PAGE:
President Joe Biden pledged that medication abortions will be available in every state, as federal approval preempts state restrictions. But several states are banning pills as well as surgical procedures. Will the administration prevail on this? Why hasn’t Congress codified abortion rights?
Women, LGBTQ, intersex, and Two Spirit people, people of color and their allies are fed-up with Democrats’ talk and little, if any, action. Many activists are asking what these politicians are doing to help. They know voting won’t stop the far-right misogynists who are hell-bent on obtaining a national abortion ban and eradicating other hard-won rights.
Many women are realizing what their sisters knew 50 years ago: Militant struggle is needed. Many have learned lessons from the Black Lives Matter movement and are now learning from workers’ unionization campaigns.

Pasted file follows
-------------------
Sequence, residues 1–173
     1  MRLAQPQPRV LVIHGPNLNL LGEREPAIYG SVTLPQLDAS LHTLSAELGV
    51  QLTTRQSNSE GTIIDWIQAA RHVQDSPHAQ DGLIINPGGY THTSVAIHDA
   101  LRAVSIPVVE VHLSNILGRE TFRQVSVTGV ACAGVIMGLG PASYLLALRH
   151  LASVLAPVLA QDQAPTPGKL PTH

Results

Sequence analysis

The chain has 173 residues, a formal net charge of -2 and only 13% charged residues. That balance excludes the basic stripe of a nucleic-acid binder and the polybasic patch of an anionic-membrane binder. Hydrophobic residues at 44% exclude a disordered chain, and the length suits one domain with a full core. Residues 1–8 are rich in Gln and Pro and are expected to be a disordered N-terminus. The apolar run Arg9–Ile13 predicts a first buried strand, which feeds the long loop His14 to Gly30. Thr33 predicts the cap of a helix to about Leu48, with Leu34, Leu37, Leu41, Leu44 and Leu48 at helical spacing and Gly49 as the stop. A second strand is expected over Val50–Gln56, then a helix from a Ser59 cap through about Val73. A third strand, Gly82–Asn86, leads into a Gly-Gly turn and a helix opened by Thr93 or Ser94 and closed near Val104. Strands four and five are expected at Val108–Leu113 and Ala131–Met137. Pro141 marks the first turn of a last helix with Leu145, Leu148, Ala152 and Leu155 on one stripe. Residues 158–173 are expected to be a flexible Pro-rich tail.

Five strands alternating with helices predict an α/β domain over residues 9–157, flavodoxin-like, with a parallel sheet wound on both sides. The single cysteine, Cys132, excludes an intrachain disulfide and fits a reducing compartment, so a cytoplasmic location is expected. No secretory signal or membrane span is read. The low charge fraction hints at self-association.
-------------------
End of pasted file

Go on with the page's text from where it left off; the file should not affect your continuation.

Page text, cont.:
Political consciousness is growing. Many activists now recognize that it’s the capitalist system that is obstructing their rights — and that they can’t rely on the government to protect them. To win, they must mount a strong, unified, independent fighting movement with all oppressed peoples, workers, those of all genders and all progressive forces.
Highlights from June 24-26 protests
Workers World Party members participated in the following demonstrations.
A mass of protesters converged on Boston’s streets for three consecutive emergency marches, asserting “We won’t go back!” They chanted “Hey, hey, ho, ho, the patriarchy’s got to go!” The multinational, multigendered, multigenerational protesters affirmed that abortions are safe, essential health care and asserted that the system and SCOTUS must go. Their message was “Abortion on demand without exception ‘by any means necessary!’”